…second-hand books, rides and giant sharks and tombola prizes (lollies in a jar).

When I got home, the school-hall fug still in my nostrils, I looked up this recipe from Stephanie Alexander’s Kitchen Garden Project. It’s meant for children to pull carrots and parsley fresh from the garden and to whip a delicious batch of simple muffins with the ingredients.

Well, I’m not quite a child anymore, but these muffins are indeed quick and easy to make, and they are full of moist goodness that bring back memories of home economics classes, play-lunch and chasings. Isn’t it wonderful what a school fête invokes?
Back to reality now: there’s no way I want to go back to school, thank you very much, so a spot of kids’ cooking is a far as I’m going. Hope you will also give these a try!

Carrot Muffins
makes 12

1 medium carrot, peeled and grated
1 ¾ cups plain flour
2 tsp baking powder
3 tblsp chopped parsley
100g grated cheddar cheese
1 egg
¾ cup buttermilk
½ cup vegetable oil

1. Preheat oven to 180C/350F. Line a 12-hole muffin tray with paper cases.
2. Sift the flour and baking powder into a bowl. Mix in the carrot, cheese and parsley.
3. In a jug, whisk the egg, buttermilk and oil. Make a well in the centre of the flour mixture, and pour in the liquid. Mix lightly to combine.
4. Pour the batter into the prepared muffin tray, filling each case two-thirds full.
5. Bake for 20-25 minutes or until golden. Cool on wire racks before serving.

Ingredients, including buttermilk, egg, grated carrot, cheese and flour + baking powder

Just bake until golden

Leftover muffins are also good if you reheat them in the microwave for 20 seconds.

Monday, May 7, 2012

Simply: chilled lemon delicious pudding

Going through some recent cooking magazines, I was struck by how inconveniently specific some of the recipe ingredients have become. From micro herbs, to jamon, to fresh burrata and Kashmiri chilli and ‘organic nasturtium petals’ (yes, really), they often offer no substitute ingredient, so if you can’t get your hands on some organic nasturtium petals – or even know what a substitute would be – then you’ve probably stuffed up the recipe already.

Apart from ‘special occasion’ dishes for parties and the like, I much prefer ordinary, just-find-it-in-a-shop ingredients in my everyday meals. It makes things so much easier when you feel like a rice pilaf and you can make it with items you already have in the pantry, instead of having to traipse across town to the specialist spice place that stocks Kashmiri chilli.

Of course, my definition of ‘simple’ may be different to yours; in fact, it probably is, because if it involves anything remotely complicated (like food that's hellishly deep-fried), then I’m a lost cause. I’ve also found that the simple dishes are usually the old-fashioned ones that originated in about 1950, that were made by a post-war frugal generation – well, at least anything that doesn’t involve dripping or lard is okay.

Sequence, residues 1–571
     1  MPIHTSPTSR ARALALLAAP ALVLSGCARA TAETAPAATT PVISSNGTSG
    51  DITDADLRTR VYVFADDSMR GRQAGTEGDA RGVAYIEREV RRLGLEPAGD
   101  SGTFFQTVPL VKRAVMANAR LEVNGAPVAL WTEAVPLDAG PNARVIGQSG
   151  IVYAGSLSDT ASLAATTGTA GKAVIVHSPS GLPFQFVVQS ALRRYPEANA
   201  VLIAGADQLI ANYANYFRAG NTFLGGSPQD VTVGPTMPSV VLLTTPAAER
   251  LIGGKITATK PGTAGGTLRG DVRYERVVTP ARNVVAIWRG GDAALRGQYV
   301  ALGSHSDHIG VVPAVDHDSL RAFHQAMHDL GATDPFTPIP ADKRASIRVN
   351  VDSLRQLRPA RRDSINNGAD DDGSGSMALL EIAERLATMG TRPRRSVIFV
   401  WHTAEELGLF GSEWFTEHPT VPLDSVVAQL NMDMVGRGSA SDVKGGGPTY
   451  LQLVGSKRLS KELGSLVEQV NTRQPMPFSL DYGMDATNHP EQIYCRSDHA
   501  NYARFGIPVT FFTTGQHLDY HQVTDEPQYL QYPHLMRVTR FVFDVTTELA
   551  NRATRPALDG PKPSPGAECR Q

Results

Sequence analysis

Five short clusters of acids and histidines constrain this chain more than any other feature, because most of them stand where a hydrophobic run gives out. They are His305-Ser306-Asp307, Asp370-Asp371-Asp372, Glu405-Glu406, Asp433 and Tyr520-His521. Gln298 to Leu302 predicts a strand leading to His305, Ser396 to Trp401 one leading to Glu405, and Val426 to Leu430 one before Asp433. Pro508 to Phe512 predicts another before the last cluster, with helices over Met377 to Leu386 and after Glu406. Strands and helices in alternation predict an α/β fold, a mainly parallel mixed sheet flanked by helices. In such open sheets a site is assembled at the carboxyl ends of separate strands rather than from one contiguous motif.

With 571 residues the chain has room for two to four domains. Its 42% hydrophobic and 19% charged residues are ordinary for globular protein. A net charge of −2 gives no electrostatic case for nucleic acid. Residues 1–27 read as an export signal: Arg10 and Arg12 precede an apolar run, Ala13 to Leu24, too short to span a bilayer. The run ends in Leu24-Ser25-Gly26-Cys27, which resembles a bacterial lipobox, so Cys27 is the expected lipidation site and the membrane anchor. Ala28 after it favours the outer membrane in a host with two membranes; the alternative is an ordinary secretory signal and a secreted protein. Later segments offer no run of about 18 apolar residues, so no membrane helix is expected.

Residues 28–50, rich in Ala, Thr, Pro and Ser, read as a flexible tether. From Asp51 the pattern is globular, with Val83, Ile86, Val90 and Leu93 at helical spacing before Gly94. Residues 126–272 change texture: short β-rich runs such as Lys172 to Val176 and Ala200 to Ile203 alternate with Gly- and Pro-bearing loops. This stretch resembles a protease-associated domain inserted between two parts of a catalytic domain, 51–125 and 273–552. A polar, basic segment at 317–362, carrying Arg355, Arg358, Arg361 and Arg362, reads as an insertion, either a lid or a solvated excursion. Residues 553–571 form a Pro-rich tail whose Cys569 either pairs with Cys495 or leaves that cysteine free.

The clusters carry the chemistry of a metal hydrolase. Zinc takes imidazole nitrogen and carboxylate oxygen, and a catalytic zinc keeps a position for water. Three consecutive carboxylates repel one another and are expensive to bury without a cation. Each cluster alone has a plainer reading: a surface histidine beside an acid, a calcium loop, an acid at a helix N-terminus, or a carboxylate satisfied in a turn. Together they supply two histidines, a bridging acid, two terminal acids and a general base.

Here’s an old-fashioned favourite, Lemon Delicious Pudding, but chilled for make-ahead convenience.

Chilled Lemon Delicious Pudding
serves 6

40g (1½ oz) unsalted butter, softened
¾ cup caster sugar
3 eggs, separated
60g (2oz) self-raising flour, sifted
350ml (12oz) milk
Finely grated zest of 2 lemons, plus 1/3 cup lemon juice
Icing sugar, to serve

1. Preheat oven to 180C/350F. Grease a 1.2l (5-cup) capacity ovenproof dish with a little of the butter.
2. Beat butter and caster sugar with an electric mixer until thick and pale, about 10 minutes. Add egg yolks one at a time, beating well after each yolk is added.
3. Add a third of the flour, beat well, then add a third of the milk, beating again. Repeat until all the flour and milk has been added.
4. Add lemon zest and juice and mix until a smooth batter forms.
5. In a separate bowl, beat the eggwhites until soft peaks form. Gradually fold the eggwhites into the batter until just combined.
6. Pour the batter into the prepared dish, then place the dish into deep roasting pan and fill with enough hot water to come halfway up the side of the dish. Cover with foil and bake for 15 minutes. Remove the foil and bake for a further 30 minutes or until the pudding is golden.
7. Turn off the oven and allow the pudding to cool in the oven for 30 minutes (to stop it collapsing). Transfer pudding to the refrigerator to cool completely.
8. Serve with icing sugar dusted over.

recipe adapted from delicious (Nov 2011)

Various stages of preparation, including whipping the eggwhites before folding into the egg yolk, butter and sugar mixture.
The pudding is then covered and placed in a water bath before baking.

Like a typical lemon delicious pudding, a lemony sauce sinks to the base of the pudding, ready to be scooped out with the spongey top.

Make sure you get some sauce with the cake.

 A warm lemon delicious recipe is here.
Actually, I found that the cooling of the pudding made the sponge cake a bit dense, so I prefer the warm version. You can't beat the taste of either method, though. Very lemony and certainly delicious.